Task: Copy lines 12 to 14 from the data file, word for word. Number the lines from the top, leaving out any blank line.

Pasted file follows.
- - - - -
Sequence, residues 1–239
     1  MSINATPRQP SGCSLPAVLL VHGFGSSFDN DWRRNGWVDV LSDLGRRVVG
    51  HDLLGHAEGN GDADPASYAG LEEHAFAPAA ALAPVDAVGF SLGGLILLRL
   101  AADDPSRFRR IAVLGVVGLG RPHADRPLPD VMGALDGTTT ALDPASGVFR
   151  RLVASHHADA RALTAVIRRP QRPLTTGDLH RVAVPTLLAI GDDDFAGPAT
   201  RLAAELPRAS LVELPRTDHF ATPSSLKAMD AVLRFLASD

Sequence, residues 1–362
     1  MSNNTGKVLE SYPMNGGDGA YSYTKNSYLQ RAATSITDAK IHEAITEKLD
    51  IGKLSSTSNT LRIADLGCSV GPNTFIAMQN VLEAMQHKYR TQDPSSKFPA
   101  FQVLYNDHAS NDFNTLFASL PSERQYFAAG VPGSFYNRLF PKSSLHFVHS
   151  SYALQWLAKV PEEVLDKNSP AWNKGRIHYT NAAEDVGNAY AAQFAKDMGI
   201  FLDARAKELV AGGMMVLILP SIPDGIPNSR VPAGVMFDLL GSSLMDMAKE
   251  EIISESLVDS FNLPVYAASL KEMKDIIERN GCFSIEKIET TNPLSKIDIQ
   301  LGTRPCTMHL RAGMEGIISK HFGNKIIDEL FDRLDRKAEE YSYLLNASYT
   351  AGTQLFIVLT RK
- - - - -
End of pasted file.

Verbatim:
   201  FLDARAKELV AGGMMVLILP SIPDGIPNSR VPAGVMFDLL GSSLMDMAKE
   251  EIISESLVDS FNLPVYAASL KEMKDIIERN GCFSIEKIET TNPLSKIDIQ
   301  LGTRPCTMHL RAGMEGIISK HFGNKIIDEL FDRLDRKAEE YSYLLNASYT